For example, people can land in programs that don’t seem to be helping. Helping a family understand that systemically there are protocols to follow because insurance often covers the lowest levels of intervention before they fund more intensive levels. The therapist can help reframe this experience to explain that when an approach doesn’t work, it isn’t exactly a failure, but rather a mismatch, and then give support to the client or family to navigate the insurance system toward a more appropriate level of care.
What specific approaches do you use with families in crisis?
As a family therapist, I am often the first contact a person or family has when they initially realize that they, or someone in the family, has a problem. So a lot of my work is helping with the realization of the issues and finding other community resources for people as they move toward recovery solutions. If I’m talking to someone in the family who isn’t perceived to have the problem but is looking for help, I use Elisabeth Kubler-Ross’s stages of grief model quite a bit. Denial, anger, bargaining, depression, and acceptance can provide a road map of what the journey might entail. When I explain to an individual or other family members that they’re not the first people who have dealt with an addicted family member, and that people have really thought hard about the processes around getting through this, sometimes the idea that they’re in a process makes the whole thing less isolating.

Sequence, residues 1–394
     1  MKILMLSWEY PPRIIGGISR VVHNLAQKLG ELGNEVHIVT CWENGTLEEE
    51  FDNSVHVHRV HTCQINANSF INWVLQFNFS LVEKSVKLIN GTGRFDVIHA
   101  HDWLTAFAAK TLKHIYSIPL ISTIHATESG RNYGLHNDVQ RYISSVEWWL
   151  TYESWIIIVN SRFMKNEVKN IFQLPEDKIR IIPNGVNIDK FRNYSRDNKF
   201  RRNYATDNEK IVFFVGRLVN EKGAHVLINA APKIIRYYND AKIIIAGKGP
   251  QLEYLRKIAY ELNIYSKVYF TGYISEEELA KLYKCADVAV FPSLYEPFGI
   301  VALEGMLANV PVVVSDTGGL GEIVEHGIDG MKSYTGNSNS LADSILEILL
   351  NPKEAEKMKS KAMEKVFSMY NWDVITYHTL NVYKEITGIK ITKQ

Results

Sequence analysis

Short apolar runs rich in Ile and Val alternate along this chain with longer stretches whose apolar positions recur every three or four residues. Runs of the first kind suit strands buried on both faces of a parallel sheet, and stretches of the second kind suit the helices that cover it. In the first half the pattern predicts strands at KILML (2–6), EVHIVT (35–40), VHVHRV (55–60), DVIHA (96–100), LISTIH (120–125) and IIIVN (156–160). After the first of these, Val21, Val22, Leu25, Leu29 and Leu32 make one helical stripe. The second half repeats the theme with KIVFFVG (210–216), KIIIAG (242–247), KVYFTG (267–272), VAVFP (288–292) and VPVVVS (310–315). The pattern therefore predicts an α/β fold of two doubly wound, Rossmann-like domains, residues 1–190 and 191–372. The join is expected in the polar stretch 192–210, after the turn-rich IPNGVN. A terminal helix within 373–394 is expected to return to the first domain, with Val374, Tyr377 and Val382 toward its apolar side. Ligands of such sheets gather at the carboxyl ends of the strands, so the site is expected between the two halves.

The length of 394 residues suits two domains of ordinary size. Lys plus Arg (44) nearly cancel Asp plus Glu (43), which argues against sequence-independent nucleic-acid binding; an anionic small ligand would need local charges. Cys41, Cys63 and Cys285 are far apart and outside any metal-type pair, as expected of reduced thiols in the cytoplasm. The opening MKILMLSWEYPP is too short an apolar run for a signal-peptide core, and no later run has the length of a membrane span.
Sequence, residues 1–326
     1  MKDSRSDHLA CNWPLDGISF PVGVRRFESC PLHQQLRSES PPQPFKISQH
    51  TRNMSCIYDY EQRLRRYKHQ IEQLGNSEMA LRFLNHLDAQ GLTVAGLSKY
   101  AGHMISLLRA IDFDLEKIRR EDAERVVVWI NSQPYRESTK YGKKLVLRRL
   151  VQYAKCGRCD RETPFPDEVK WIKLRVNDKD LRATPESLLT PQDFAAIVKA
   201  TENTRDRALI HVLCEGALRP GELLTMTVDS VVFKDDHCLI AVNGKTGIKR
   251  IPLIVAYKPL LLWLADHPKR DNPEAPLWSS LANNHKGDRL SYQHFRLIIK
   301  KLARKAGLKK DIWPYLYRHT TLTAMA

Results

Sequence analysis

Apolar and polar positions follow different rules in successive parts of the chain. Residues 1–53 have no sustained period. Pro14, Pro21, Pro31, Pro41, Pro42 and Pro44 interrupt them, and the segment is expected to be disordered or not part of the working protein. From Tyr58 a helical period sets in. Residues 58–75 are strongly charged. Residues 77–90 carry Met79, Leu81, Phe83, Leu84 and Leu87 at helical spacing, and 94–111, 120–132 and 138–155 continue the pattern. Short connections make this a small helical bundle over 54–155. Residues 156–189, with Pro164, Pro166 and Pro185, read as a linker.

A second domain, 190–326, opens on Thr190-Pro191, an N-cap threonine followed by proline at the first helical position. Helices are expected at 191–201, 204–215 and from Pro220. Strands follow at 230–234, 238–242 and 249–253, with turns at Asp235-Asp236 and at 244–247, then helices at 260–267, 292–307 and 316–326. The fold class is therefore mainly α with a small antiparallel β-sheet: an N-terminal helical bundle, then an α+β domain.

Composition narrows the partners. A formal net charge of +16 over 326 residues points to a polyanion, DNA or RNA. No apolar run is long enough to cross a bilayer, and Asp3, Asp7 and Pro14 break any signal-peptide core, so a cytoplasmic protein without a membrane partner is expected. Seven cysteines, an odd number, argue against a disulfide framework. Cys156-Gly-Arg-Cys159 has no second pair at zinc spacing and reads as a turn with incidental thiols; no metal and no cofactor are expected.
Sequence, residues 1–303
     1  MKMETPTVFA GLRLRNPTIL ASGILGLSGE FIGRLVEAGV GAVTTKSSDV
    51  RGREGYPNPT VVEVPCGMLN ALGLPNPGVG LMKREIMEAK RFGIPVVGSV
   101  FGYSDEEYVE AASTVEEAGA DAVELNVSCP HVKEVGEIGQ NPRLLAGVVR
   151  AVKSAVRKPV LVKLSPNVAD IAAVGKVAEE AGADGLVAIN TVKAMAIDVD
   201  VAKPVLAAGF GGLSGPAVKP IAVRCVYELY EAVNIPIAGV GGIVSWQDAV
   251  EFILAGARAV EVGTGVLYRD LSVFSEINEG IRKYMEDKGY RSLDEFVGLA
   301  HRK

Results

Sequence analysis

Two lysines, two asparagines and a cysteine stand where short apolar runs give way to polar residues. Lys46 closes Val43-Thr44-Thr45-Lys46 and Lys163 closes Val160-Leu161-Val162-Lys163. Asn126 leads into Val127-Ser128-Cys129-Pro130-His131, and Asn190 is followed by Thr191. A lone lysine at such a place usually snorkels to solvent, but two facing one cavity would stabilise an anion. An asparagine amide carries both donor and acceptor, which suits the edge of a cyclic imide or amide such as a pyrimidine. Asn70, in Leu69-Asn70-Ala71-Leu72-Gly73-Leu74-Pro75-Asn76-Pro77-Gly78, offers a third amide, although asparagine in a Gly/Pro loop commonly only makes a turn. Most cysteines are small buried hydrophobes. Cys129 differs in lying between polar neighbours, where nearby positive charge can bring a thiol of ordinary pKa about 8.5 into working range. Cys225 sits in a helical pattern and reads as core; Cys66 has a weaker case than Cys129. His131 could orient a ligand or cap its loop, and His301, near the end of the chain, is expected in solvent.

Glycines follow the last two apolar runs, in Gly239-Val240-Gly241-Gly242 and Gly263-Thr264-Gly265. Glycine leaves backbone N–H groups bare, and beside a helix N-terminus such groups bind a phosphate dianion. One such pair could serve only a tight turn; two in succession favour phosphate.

I also use the change wheel. Before I tell people “this is what you can do” and “this what interventions look like,” I explain the wheel. In many families, the person they are concerned about is not even considering change, even though others in the family are growing impatient. Using a visual tool like the change wheel explains that. There is a whole process of preparing to make changes in your life which is about the first half of the wheel, and then making the change is the rest of the wheel.